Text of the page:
Rights groups 'cautiously optimistic' after Bahrain release rights activist

#BahrainProtests

Maryam al-Khawaja has been released by authorities although charges of assaulting a police officer stand against her and she is on a travel ban

Bahraini Maryam al-Khawaja is an internationally celebrated human rights activist (Flicker)
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Friday 13 February 2015 0:00 UTC
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Bahrain released human rights activist Maryam al-Khawaja on Thursday, although the charges against her still stand and she has been placed on a travel ban.

“In accordance with an order from the high criminal court, Maryam Abdulhadi al-Khawaja was released dependent on a guarantee of her place of residence and a travel ban was imposed on her,” read a Bahraini interior ministry statement.

“The lawyer of the accused requested her release after she was arrested on charges of assaulting a female officer and a policewoman at the Bahrain International Airport on 30 August.”



Khawaja with her lawyer Mohammed Al Jishi after her release on Thursday (Twitter/@Mohamed_AlJishi)

Khawaja, a dual Bahraini-Danish citizen, flew into Manama at the end of August with the intention of visiting her jailed father Abdulhadi al-Khawaja. He is currently on hunger strike in protest at his life imprisonment for “organising and managing a terrorist organisation,” charges he maintains were politically motivated due to his participation in mass protests against the al-Khalifa monarchy.

Maryam al-Khawaja is due to appear in court on 1 October to answer the charges against her. She denies the accusations and has made separate allegations that police officers assaulted her at the airport on 30 August.

“As soon as I sat down that police officer [who had asked her to sit] with three other policewomen attacked me. One policewoman put her knee in my stomach, another twisted my arm behind my back. My only reaction was to hold onto my phone,” she said to her sister during a prison visit earlier this month.

More than 150 organisations have called for the release of Maryam al-Khawaja and many of them expressed “cautious optimism” over her release on Thursday.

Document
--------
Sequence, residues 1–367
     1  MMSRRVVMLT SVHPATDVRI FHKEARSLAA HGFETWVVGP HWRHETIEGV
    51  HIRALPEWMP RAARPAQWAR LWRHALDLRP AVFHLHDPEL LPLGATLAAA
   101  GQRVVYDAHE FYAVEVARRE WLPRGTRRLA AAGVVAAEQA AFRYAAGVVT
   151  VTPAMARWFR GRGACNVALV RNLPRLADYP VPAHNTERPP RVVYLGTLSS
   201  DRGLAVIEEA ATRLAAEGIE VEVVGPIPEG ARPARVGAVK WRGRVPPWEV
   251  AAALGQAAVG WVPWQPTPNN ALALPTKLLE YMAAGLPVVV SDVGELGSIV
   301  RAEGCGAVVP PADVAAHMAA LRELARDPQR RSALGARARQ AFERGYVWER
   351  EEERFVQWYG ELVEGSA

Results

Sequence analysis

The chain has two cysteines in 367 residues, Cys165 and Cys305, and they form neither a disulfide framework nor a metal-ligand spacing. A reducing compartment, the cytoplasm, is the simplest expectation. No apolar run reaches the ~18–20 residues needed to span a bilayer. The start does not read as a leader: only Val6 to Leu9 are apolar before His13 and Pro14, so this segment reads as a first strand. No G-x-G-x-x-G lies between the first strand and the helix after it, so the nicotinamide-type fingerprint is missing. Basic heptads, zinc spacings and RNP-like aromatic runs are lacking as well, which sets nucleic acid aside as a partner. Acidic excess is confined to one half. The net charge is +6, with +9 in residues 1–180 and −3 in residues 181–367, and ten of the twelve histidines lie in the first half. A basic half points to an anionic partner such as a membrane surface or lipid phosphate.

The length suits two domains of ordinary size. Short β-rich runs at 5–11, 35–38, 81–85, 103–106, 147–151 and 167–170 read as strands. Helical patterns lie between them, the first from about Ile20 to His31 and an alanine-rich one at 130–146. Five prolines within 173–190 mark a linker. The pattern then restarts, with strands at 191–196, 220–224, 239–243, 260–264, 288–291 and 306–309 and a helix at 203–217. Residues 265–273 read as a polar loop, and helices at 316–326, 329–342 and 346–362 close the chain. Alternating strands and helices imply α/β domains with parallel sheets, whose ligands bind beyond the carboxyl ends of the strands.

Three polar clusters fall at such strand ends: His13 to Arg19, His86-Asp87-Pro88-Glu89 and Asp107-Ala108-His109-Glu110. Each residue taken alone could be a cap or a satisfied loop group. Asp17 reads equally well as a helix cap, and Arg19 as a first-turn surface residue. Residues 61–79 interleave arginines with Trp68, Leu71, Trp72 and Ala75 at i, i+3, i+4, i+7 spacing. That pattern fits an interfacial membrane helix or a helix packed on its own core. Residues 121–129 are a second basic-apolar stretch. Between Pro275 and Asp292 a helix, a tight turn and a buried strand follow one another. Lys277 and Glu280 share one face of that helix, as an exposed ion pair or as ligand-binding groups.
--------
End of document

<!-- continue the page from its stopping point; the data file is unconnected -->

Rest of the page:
“Maryam’s release is a positive step but we remain troubled that the government has not dropped the unfounded charges against her,” said Sayed Ahmed Alwadaie, advocacy director at the UK-based Bahrain Institute for Rights and Development.

“We fear that she will, like so many other released detainees caught in Bahrain’s unjust legal system, live under the constant fear of re-arrest.”

Co-signatories to the statement, the US-based Americans for Democracy and Human Rights in Bahrain, praised the international support they said contributed to Khawaja's release.

"We are very pleased with Maryam’s release and sincerely thank the Office of the High Commission for Human Rights for its coordination on the matter,” said Husain Abdulla, ADHRB’s Executive Director. “We also thank the United Nations missions who expressed concern over the human rights situation in Bahrain, including the detention of the al-Khawajas, during the 27th Session of the Human Rights Council, including Ireland, Norway and Denmark.”

Nabeel Rajab, co-founder of the Bahrain Centre for Human Rights, expressed concern for the health of Khawaja’s father Abdulhadi in his statement.

“While I am overjoyed for Maryam I remain concerned over the condition of my friend Abdulhadi,” said Rajab. “The government may have responded to international pressure in Maryam’s case but officials still refuse to release Abdulhadi, Ibrahim Sharif, Naji Fateel and many other prisoners of conscience from arbitrary imprisonment.”

Activists said there are more than 3,000 political prisoners in Bahrain, although authorities dispute this number. The tiny Gulf State has been in the grip of an uprising since hundreds of thousands of people, mostly members of the majority Shiite community, took to the streets in February 2011.

Three days after demonstrations began government forces broke up protests camps with teargas, birdshot and batons that left at least two dead and hundreds injured.

Since then activists say around 100 protesters have died in the unrest, although the government disputes these figures and says at least 14 police officers have been killed in attacks on their forces. A national dialogue process between opposition representatives and the government has been stalled since January due to sharp differences of opinion over the uprising and a failure to agree on a format and agenda for the talks.